New Grady Hospital Board Holds First Meeting, Names Officers


(APN) ATLANTA — The Grady Memorial Hospital Corporation (GMHC) met for the first time Monday to name officers and vote on other important matters.

Atlanta Progressive News asked Chairman of the new Board, Pete Correll, after the meeting, if he believes the new Board could pull Grady Hospital out of its financial tailspin without cutting any existing services.

“I would just be silly to make a guarantee like that,” he answered. “That is our objective. This Board is going to fight like heck.”

Correll is the Chairman Emeritus of the Georgia Pacific Corporation.

The meeting of the 17 member 501(c)(3) comes three days after the Fulton-DeKalb Hospital Authority (FDHA) cemented the membership of the new Board.

Lewis Horne, special counsel to the FDHA who incorporated the GMHC, called the meeting to order and requested a motion for candidates for Chair, Vice Chair, and Secretary.

Michael Russell, CEO of construction and real estate firm H.J. Russell & Co., moved that Pete Correll, State Rep. Pam Stephenson, and Robert Miller fill those spots. The Board approved the names unanimously.

State Rep. Stephenson is now CEO of Grady, the FDHA Chair, and the GMHC Vice Chair. Some have complained Stephenson has a conflict of interest serving in multiple positions at the same time.

A search for a new CEO is not underway and Stephenson will continue serving in that position at least until the execution of the lease, Correll said.

“This is a big, hard job,” Correll said of the CEO position. “I think with proper funding, with this kind of commitment, we can attract a very qualified individual.”

Once the Board named its new officers, Correll took the reigns and moved quickly.

The GMHC approved the lease and transfer agreement, which provides for the shift of power from the FDHA to the new Board, as well as the funding agreement.

Correll said approving these agreements gives he and FDHA Chairwoman Stephenson the authority to sign the lease.

But no one could sign the lease until all the conditions of the funding agreement are met, he noted.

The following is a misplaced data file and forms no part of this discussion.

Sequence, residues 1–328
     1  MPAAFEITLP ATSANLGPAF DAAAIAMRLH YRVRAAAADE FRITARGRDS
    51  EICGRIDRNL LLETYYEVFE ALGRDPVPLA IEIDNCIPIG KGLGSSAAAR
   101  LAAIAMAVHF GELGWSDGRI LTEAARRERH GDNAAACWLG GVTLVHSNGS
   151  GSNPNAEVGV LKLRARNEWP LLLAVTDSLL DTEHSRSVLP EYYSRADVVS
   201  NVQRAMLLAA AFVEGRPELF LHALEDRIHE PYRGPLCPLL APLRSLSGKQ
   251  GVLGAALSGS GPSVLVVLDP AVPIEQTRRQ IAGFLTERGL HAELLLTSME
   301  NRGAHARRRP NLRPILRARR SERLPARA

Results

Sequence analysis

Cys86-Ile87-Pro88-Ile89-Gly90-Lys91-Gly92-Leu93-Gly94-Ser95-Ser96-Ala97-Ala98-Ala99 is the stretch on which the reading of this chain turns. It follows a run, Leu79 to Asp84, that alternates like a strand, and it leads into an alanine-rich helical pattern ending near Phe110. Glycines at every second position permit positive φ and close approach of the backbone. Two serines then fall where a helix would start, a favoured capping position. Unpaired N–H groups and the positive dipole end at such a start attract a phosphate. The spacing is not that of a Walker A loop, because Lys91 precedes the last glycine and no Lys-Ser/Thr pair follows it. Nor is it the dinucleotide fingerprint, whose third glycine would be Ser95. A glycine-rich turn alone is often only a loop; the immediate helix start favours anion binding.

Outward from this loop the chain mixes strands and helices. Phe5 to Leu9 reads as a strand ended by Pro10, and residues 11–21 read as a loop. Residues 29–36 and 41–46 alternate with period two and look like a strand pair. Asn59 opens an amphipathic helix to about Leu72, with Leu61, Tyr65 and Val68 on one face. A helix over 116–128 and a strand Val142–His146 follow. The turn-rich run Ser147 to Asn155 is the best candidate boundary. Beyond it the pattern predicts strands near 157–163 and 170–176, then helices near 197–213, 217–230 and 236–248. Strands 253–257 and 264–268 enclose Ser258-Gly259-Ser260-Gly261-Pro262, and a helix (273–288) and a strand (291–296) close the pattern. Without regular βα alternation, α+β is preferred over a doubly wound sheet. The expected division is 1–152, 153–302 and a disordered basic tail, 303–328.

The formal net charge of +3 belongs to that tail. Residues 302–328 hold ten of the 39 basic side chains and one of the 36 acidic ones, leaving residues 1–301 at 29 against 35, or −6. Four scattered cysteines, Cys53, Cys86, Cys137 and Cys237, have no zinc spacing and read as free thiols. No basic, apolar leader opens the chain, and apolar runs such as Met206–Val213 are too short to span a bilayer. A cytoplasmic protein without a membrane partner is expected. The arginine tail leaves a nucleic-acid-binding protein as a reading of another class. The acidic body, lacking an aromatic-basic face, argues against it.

These conditions include: the delivery of $50 million into escrow; a written guarantee from the philanthropic community to provide $150 million in capital improvements over three years; a written guarantee from the philanthropic community to raise an additional $100 million over three years; and securing commitments from Emory University and Morehouse College Schools of Medicine to renegotiate existing contracts with Grady Hospital.

Earlier drafts of the funding agreement called on the State of Georgia to provide a written commitment of its intent to provide an additional $30 million annually to Grady, but that no longer appears to be one of the conditions.

Several State leaders have allegedly verbally pledged to provide Grady more money upon the transfer to a nonprofit management structure.

Correll said he hopes a check for $50 million can be presented to the GMHC during some kind of ceremony in the next week but he would not disclose the name of the anonymous donor.

While Correll said he expects all of the conditions in the funding agreement to be met in the next week, he estimated the lease would not take effect until between May 1, 2008, and September 1, 2008, although he that could change.

In addition to approving articles of incorporation, bylaws, and a corporate seal, the GMHC also approved an authorization that would allow Correll to apply for recognition of tax-exempt status from the US Internal Revenue Service.

Correll told media after the meeting that he was not sure when he would apply to the IRS for tax-exempt status.

According to Correll, the GMHC has three missions: to run the hospital in a responsible way, which includes continuing Grady’s historic mission of serving the indigent and uninsured; managing the hospital; and raising a lot of new money.

Correll’s statement to The Los Angles Times newspaper on November 26, 2007, concerning service cuts has many in Atlanta worried.

During an interview with The Times, Correll said while any Board “would be hesitant to cut services in order to survive,” it had to confront the question “How do we decide what is a reasonable level of health?”

Some advocates argue privatizing the management of a public hospital leads to an eminent failure.

“This one’s going to be different,” Correll argued. “Atlanta has no alternative but to save Grady.”

The GMHC will meet again April 7, 2008, to name Committee Chairs and discuss other business. The meeting will last from 2 to 5 pm, but the location is unknown at this time.

Atlanta Progressive News will run a feature in the coming days detailing each of the 17 members of the GMHC, noting possible conflicts of interest any Member might have.

About the author:

Jonathan Springston is a Senior Staff Writer for Atlanta Progressive News and may be reached at

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